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Revision as of 21:59, 21 April 2013 by bintk (Talk | contribs)

Using Google Translate on Windows Phone

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Article Metadata
Code Example
Installation file: Media:TranslatorExample.zip
Tested with
SDK: Windows Phone 7.1+ SDK
Compatibility
Platform(s): Windows Phone 7.5+
Windows Phone 8
Windows Phone 7.5
Dependencies: Json.NET
Article
Created: molbal (10 Feb 2013)
Last edited: bintk (21 Apr 2013)

This article shows how to use the Google translate web service in Windows Phone applications.

Contents

Introduction

I have been browsing the web to find a free translator service, that I can use. I have finally found a solution and implemented it in Windows Phone 8. (I haven't tested on WP7 devices). It uses Yahoo Query Language to access Google translate service . The limit of using this service is 20000 queries/IP address/hour. No registration is required, as it's a public service. See the google.translate table on http://www.datatables.org.

Note.pngNote: Google Translate API is available as a paid service if used directly. However, through YQL it is freely available as mentioned above.

Implementation

You'll need to add two files to your project. The main class and an event argument class. Additionally, Json.NET is requied for the class to work. It's a free package.

Translator.cs

using System;
using System.Collections.Generic;
using System.Linq;
using System.Text;
using System.Threading.Tasks;
using System.Net;
using Newtonsoft.Json;
using YourNameSpace;
 
public delegate void TranslatedString(TranslatedStringEventArgs e);
 
namespace YourNameSpace
{
class Translator
{
public event TranslatedString TranslatedString;
public string translatingString;
 
// Supporting function to make the URI generation simpler.
private Uri constructUri(string to, string text)
{
string url = @"http://query.yahooapis.com/v1/public/yql?q=" + Uri.EscapeDataString("select * from google.translate where q=\"" + text + "\" and target=\"" + to + "\";") + "&format=json&env=store%3A%2F%2Fdatatables.org%2Falltableswithkeys&callback=";
return new Uri(url, UriKind.Absolute);
}
 
public void TranslateString(string to, string text)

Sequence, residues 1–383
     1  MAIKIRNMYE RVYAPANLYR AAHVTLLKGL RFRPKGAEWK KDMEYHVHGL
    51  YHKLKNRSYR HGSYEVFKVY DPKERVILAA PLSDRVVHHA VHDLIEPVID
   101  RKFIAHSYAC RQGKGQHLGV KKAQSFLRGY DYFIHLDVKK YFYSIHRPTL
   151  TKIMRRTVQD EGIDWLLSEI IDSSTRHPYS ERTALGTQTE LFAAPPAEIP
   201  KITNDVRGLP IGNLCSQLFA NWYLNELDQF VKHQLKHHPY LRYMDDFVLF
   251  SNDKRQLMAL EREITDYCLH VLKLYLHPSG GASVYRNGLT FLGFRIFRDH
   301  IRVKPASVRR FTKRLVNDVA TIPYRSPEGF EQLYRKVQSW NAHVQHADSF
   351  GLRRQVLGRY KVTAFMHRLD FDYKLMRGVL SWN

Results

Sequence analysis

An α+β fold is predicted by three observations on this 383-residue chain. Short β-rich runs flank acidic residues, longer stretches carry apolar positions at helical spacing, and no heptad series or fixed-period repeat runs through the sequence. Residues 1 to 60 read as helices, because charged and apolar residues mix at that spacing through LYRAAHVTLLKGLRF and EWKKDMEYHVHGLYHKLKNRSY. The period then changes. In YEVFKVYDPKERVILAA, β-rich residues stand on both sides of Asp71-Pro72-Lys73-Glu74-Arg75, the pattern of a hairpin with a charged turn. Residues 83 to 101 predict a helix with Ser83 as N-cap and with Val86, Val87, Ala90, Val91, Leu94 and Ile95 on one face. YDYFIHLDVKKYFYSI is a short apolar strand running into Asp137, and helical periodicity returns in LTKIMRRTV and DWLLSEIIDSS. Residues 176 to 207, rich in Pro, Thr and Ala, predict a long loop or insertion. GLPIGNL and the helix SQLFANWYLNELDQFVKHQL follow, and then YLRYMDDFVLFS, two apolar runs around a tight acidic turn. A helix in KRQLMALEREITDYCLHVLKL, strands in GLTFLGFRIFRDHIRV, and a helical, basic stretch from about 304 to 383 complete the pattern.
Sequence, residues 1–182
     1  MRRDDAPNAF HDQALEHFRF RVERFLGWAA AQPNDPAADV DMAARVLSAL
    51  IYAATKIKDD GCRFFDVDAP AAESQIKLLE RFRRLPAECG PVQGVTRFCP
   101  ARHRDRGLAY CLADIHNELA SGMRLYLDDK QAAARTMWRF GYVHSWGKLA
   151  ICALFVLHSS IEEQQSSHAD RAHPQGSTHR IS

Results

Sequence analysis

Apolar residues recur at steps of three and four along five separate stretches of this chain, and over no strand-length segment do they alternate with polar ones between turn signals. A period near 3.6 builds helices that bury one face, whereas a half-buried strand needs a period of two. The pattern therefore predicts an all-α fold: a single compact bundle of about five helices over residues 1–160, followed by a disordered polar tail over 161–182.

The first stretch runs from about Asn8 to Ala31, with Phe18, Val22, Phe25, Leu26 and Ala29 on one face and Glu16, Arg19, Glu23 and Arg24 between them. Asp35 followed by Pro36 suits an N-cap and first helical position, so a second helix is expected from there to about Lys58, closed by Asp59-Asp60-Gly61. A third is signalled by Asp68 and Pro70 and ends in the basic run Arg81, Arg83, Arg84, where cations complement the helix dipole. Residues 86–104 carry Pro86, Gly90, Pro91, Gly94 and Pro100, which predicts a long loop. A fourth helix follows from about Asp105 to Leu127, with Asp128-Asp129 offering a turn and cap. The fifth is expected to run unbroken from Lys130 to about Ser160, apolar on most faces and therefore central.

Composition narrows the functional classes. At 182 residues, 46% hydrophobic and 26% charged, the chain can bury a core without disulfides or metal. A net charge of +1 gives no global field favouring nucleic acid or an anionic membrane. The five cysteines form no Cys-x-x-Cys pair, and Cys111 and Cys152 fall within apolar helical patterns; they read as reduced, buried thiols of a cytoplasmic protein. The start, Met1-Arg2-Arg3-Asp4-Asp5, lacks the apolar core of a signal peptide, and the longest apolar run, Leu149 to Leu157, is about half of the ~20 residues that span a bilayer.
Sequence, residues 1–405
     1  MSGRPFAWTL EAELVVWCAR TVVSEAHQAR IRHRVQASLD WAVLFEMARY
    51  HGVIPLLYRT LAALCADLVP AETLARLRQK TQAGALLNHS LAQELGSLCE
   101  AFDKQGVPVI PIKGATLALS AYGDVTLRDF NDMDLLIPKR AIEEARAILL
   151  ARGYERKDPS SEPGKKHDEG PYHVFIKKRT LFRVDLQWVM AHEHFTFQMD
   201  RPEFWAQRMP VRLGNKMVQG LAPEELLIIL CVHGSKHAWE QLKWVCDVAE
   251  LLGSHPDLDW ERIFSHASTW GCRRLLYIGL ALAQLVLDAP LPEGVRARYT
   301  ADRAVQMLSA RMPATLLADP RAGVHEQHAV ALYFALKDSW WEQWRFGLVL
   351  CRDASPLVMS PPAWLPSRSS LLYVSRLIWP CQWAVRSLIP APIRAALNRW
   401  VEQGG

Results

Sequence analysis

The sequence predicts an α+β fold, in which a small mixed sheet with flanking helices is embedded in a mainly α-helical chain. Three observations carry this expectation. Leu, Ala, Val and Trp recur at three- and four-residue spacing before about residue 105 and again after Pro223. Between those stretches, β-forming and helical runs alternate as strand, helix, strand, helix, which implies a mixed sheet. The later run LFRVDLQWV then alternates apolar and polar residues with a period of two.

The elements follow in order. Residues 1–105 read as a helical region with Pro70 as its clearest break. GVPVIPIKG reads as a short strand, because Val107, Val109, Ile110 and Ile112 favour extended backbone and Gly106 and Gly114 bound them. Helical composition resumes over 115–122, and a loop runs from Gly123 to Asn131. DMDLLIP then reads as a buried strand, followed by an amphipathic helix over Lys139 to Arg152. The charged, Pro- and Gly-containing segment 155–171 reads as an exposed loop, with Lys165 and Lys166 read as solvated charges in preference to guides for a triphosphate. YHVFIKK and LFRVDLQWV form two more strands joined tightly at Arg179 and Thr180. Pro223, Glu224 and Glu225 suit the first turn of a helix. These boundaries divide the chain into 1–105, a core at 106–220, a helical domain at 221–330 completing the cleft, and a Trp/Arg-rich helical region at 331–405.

{
// getting the translation via YQL, setting up a WebClient for this
WebClient wc = new WebClient();
wc.OpenReadCompleted += wc_OpenReadCompleted;
wc.OpenReadAsync(constructUri(to, text));
translatingString = text;
}
 
void wc_OpenReadCompleted(object sender, OpenReadCompletedEventArgs e)
{
// getting a new class to return and filling in the inital translate string
TranslatedStringEventArgs tsea = new TranslatedStringEventArgs();
tsea.initialString = translatingString;
 
// checking if the translation succeeded
if (e.Error == null)
{
// setting the return values
tsea.Error = false;
tsea.ErrorMessage = "";
 
//helper variables for converting
string resultString = "";
byte[] byteArrayForResultString = new byte[e.Result.Length];
 
//converting the returned value to string - that's what Json.NET eats
e.Result.Read(byteArrayForResultString, 0, Convert.ToInt32(e.Result.Length));
resultString = UTF8Encoding.UTF8.GetString(byteArrayForResultString, 0, byteArrayForResultString.Length);
 
// try to parse the results
try
{
// doing the actual work
Newtonsoft.Json.Linq.JObject obj = (Newtonsoft.Json.Linq.JObject)JsonConvert.DeserializeObject(resultString);
 
// Since everything is called "json" in the json array (pretty straightforward, but not that practical if you ask me),
// we have to navigate to our string manually.
tsea.translatedString = ((((((((((((((((Newtonsoft.Json.Linq.JContainer)(obj)).First).First).Last).First).First).First).First).First).First).First).First).First).First).First).ToString();
}
// handle the exceptions if there are
catch (Exception serializer_exception)
{
tsea.Error = true;
tsea.ErrorMessage = "Error in JSON Serializing: " + serializer_exception.Message + Environment.NewLine + resultString;
}
}
else
{
tsea.Error = true;
tsea.ErrorMessage = "Error in WebClient: " + e.Error.Message;
}
TranslatedString(tsea);
}
}
}

TranslatedStringEventArgs.cs

using System;
using System.Collections.Generic;
using System.Linq;
using System.Text;
 
namespace YourNameSpace
{
public class TranslatedStringEventArgs:EventArgs
{
public string initialString { get; set; }
public string translatedString {get; set; }
public bool Error { get; set; }
 
public string ErrorMessage { get; set; }
 
}
}

Usage

The usage is very simple. As shown below, instantiate the Translator object t and pass the language and string to be translated as arguments to TranslateString.

Translator  t = new Translator();
t.TranslatedString += t_TranstlatedString;
t.TranslateString("de","How are you?");

Here is the translated event handler,

void t_TranstlatedString(TranslatedStringEventArgs e)
{
if (e.Error == false)
{
MessageBox.Show(e.translatedString);
}
else
{
MessageBox.Show(e.ErrorMessage, ":(", MessageBoxButton.OK);
}
}

Source code

You can download the source code for the example here: File:TranslatorExample.zip

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